Thirty years ago, I spent eight months travelling by local boat from one end of Indonesia to other, a country of 17,508 islands spanning over 5,000 kilometres of sea. Every island held surprise, delight and sometimes peril.
As the wooden ferry approached Lewoleba on the island of Lembata, in the remote, undeveloped Solor Archipelago, it looked to be a nice place to hang out for a while. Silky palms nodded languorously over long beaches, thatch fishermen huts sat on stilts over coral seas, and the volcanic cone of Mt. Iliape smoked in the background. A good place, but not, as I soon discovered, idyllic.
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A woman had just had her head chopped off. Or so the gossip went.
I got the story from a one-eyed policeman as he lounged over an orange Fanta in the only guesthouse catering to roaming island traders and the occasional backpacker like me. And old man died of mysterious causes, he told me, leering suggestively with his one good eye.
“Old age?” I offered in rudimentary Bahasa Indonesia.
He shook his head. “Ilmu hitam!”
I thumbed through my dictionary: Black magic.
The old man’s family had accused an elderly woman of putting a spell on him. “So they cut her into pieces.”
The eldest son had ceremoniously delivered the woman’s head in a box to the police, apparently with a sense of pride for having rid the area of a witch.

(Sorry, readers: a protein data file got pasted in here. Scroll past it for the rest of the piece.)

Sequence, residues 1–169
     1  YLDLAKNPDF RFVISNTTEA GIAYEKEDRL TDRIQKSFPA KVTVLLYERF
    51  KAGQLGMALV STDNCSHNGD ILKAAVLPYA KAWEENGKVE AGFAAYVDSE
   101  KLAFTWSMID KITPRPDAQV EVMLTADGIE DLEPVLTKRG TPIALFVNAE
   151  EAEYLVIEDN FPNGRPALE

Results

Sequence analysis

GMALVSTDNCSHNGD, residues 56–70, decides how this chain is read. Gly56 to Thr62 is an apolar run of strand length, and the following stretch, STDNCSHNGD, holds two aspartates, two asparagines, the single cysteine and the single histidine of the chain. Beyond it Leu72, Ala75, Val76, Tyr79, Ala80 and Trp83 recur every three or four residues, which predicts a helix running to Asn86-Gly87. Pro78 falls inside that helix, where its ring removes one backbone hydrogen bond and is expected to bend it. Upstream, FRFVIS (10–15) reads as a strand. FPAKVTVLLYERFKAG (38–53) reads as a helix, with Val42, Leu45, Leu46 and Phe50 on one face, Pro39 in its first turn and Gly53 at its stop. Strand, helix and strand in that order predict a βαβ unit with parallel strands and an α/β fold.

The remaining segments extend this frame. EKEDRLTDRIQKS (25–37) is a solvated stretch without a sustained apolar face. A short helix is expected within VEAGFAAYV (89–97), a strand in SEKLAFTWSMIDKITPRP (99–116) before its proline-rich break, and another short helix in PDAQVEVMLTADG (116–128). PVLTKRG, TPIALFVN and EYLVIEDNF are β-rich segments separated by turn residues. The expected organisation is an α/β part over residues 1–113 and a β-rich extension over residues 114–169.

I went to the harbour to look for a boat out.
The dock is the social center of towns like this. This one had lights powered by a chugging generator that reflected on the water like a little carnival. Giant insects were drawn to the bulbs, as were villagers, picking up news from sailors passing through on their various wooden craft. I asked for a boat to the town of Kalabahi, on the island of Alor.
“This one is going to Kalabahi!” declared the cherubic captain of a worm-eaten forty-footer called Diana. “Tomorrow.”
Perfect. “What time?”
“Eight o’clock.” His name was Budi. We shook hands.
As a precaution, I walked to the pier the next morning at seven. The Diana had left at six. “When is the next boat?” I asked of a tiny, neat young man who, by a stroke of luck, turned out to be the local teacher of English.
“Maybe one week.” Then he offered a parcel of hope, as if my sunken face was too much for him to bear. “The Diana stops at Wairiang tomorrow. Take the bus to Wairiang now. But you must hurry.”
The bus was a discarded troop transport. Twenty locals and I crowded onto hard benches under a canvas canopy. My feet rested on sacks of rice, my knees at my chin. A goat hobbled under the bench sniffed my bum through the slats.
The truck jumped over rocks, ruts and tree roots with a great clamour of colliding metal parts. At one point a fallen tree lie across the way. We go no further, I thought, but the young men attacked the thing with parangs (machetes) and reduced it to sticks in just minutes. I was reminded of the witch and shuddered.
Seat mates told me the journey to Wairiang was five hours, but I no longer put any stock in Indonesian time estimates. At one point, the truck almost toppled on a steep mountain curve. Two wheels left the ground and the truck started a slow motion roll over the edge of a cliff. I gaped into the maw of death until a lone gum tree stopped the truck from falling with a satisfying clunk.
We shifted to the top side of the vehicle, it returned to all fours, and we went on our way.
After five hours, a village. It was not Wairiang, but Balauring. A rest stop, they said. I climbed down and discovered that the goat had chewed away the heel of my left shoe. The driver and his men proceeded to remove the vehicle’s drive shaft and hammer at it with a wrench fashioned from a flattened length of pipe. I felt panic.
“How much further to Wairiang?”
“When will we leave?”
“Two hours.” Bang, bang, bang. “Four hours.”